Yesterday, NYPD Commissioner Dermot Shea met with Brooklyn’s Asian community in Sunset Park to talk about the approaches the NYPD will be taking to protect them, following last week’s announcement by Mayor Bill de Blasio that the city will be deploying more police officers in heavily Asian Communities following the increase in hate crimes against Asians. The meeting was live-streamed on Youtube.
Commissioner Shea also held a press conference earlier yesterday where he introduced the new initiatives to combat anti-Asian hate.
Today, @NYPDShea outlined two new efforts to help prevent Asian hate crimes.
✅Increased outreach to Asian American communities.
✅Adding layers of enforcement.
We’ll be using officers in plain clothes and in teams to prevent NYers from becoming victims in the first place. pic.twitter.com/yyxyggeBSG
— NYPD NEWS (@NYPDnews) March 25, 2021
“Like much of America, we have seen a disturbing spike in hate crimes against Asian-Americans here in New York City,” Shea said. “We’re increasing our outreach to Asian American Communities and we’re also adding layers of enforcement. We’ll be using police officers in plain clothes and in teams to prevent New Yorkers from becoming victims in the first place.”
After the press conference Commissioner Shea and other NYPD officers, among them from the Hate Crimes Unit and the 72nd precinct that serves Sunset Park, met with the Asian Community to discuss the new initiative to fight hate crimes in greater detail.
“This issue of Anti-Asian hate crimes is extremely important to me. It’s extremely important to my team,” Jessica Corey, Deputy Inspector of the NYPD Hate Crime Task Force said. “And we are doing everything we can to tackle it, to identify perpetrators and bring them to justice.”
She urged people to “say something” when they “see something.” “If you see something, say something” has been a motto used by the NYPD to encourage reporting suspicious packages or activity. Now they are asking people to report hate crimes.
If You See Something, Say Something
Report suspicious activity to a police officer, call 9-1-1 or the NYC Safe Hotline at (888) NYC-SAFE/ (888) 692-7233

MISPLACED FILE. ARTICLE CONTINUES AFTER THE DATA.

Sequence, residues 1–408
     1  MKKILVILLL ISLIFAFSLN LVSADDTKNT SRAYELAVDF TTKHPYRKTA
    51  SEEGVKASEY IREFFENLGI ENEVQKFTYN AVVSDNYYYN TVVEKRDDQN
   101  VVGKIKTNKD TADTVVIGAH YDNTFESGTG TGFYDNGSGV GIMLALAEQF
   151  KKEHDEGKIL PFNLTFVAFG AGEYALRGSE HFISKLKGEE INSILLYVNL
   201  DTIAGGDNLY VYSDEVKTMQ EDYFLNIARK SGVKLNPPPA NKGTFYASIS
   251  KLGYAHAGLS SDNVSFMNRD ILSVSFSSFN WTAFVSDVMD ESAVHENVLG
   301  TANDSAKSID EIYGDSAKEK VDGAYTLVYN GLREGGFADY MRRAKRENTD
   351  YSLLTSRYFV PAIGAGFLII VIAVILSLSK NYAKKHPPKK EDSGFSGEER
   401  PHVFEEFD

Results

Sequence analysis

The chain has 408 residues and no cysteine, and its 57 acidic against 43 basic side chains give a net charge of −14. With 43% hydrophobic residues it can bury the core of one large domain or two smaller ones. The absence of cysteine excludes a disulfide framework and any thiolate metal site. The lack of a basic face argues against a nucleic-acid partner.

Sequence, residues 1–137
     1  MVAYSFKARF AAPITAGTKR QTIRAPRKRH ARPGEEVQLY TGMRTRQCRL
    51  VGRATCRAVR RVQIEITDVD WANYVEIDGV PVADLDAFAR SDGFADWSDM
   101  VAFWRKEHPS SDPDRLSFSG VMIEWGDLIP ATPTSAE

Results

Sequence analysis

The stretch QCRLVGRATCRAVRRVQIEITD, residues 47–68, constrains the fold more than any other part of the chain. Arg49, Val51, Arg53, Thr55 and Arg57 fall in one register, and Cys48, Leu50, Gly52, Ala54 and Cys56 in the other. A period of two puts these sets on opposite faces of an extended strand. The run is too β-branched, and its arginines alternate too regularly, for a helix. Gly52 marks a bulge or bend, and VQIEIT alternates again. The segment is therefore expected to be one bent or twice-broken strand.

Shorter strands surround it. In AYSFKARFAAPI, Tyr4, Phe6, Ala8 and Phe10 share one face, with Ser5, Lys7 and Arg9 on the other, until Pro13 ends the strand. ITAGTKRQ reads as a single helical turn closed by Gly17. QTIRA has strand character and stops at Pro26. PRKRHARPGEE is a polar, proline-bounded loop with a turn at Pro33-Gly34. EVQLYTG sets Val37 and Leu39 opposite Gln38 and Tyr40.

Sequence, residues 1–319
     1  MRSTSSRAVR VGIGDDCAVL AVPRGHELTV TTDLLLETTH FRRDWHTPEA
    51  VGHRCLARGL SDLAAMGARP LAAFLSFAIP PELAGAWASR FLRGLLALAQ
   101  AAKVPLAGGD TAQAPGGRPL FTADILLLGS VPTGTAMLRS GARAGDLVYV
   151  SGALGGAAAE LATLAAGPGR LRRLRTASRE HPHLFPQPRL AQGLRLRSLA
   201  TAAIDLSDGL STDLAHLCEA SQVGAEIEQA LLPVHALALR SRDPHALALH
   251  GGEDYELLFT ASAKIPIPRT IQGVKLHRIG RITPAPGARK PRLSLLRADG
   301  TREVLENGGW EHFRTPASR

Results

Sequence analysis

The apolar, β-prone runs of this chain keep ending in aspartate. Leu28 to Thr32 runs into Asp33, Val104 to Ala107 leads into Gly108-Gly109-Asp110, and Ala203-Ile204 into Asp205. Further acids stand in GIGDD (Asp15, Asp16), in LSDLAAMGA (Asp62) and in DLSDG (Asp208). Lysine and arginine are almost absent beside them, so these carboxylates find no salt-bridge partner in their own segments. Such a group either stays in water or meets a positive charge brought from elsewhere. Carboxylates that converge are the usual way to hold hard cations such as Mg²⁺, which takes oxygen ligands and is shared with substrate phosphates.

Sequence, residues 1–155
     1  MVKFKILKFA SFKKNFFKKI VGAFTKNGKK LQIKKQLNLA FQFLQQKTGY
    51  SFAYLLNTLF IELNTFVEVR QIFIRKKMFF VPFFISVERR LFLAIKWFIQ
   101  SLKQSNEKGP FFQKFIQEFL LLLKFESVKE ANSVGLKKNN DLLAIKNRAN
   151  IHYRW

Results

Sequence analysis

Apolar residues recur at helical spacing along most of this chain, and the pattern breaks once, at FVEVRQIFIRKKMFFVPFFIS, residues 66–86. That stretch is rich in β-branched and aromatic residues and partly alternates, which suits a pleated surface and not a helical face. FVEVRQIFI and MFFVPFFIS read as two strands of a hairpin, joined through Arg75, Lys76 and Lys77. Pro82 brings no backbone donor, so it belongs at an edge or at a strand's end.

— NYPDCounterterrorism (@NYPDCT) November 15, 2018
The NYPD can interpret more than two-hundred languages, Corey assured, saying that if someone does not speak English and needs help all they have to do is call 911 and state the language they do speak, and NYPD will get an interpreter to translate.
“I am here to encourage you that if you do experience a crime against yourself or if you witness something, please do not be fearful,” urged 9-1-1 operator Shrima Jones. “Please do not feel apprehensive to call 9-1-1 because you feel we are not able to communicate with you. We indeed can help you.”
Information to call 9-1-1 was translated in a number of languages, and then two officers spoke in Cantonese and Taiwanese Mandarin to show the crowd watching over Zoom that NYPD officers do, indeed, speak many languages.
Part of the new initiative will also include making different brochures about how to report a hate crime in different languages and distribute them to Asian communities.
There is NO place for hate in New York City. Watch how we’ve stepped up efforts to protect the Asian-American community in precincts across the city. We have translators for more than 200 languages available to help you.@NYPDHateCrimes pic.twitter.com/ygq7W8X8qU
— Chief Juanita Holmes (@NYPDChiefPatrol) March 25, 2021
The NYPD Hate Crime Task Force’s Twitter account also shares information about how and where to report hate crimes and other important information.
Deborah Lauter, the Executive Director of the Office for the New York City Prevention of Hate Crime, stressed that the first and foremost action the city is taking is placing police officers in the Asian community. Lauter said that they will also be working to get all the AAPI and non-AAPI community leaders to come together and build relationships in order to tackle hate crimes.
“We need to start doing a better job of breaking down silos between our communities… breaking down stereotypes, and getting to know each other,” she said, adding that the city is working with 18 different agencies including the NYPD, the Department of Education, the Mayor’s Office of Immigrant Affairs, the City’s Commission on Human Rights to implement its agenda.
Lauter said that education is an important factor in fighting hate and bigotry: “Nobody is born hating, hate is learned and it can be unlearned. So we are working on educational materials particularly for our youth to get them to understand the consequences of prejudice and bigotry and how it can lead to violence and hate.”
Due to the time limit, the speakers at the event were not able to answer a lot of questions. They encouraged everyone to email any questions they have at Gerber.Fernandez@nypd.org and at firstname.lastname@example.org promising they will respond.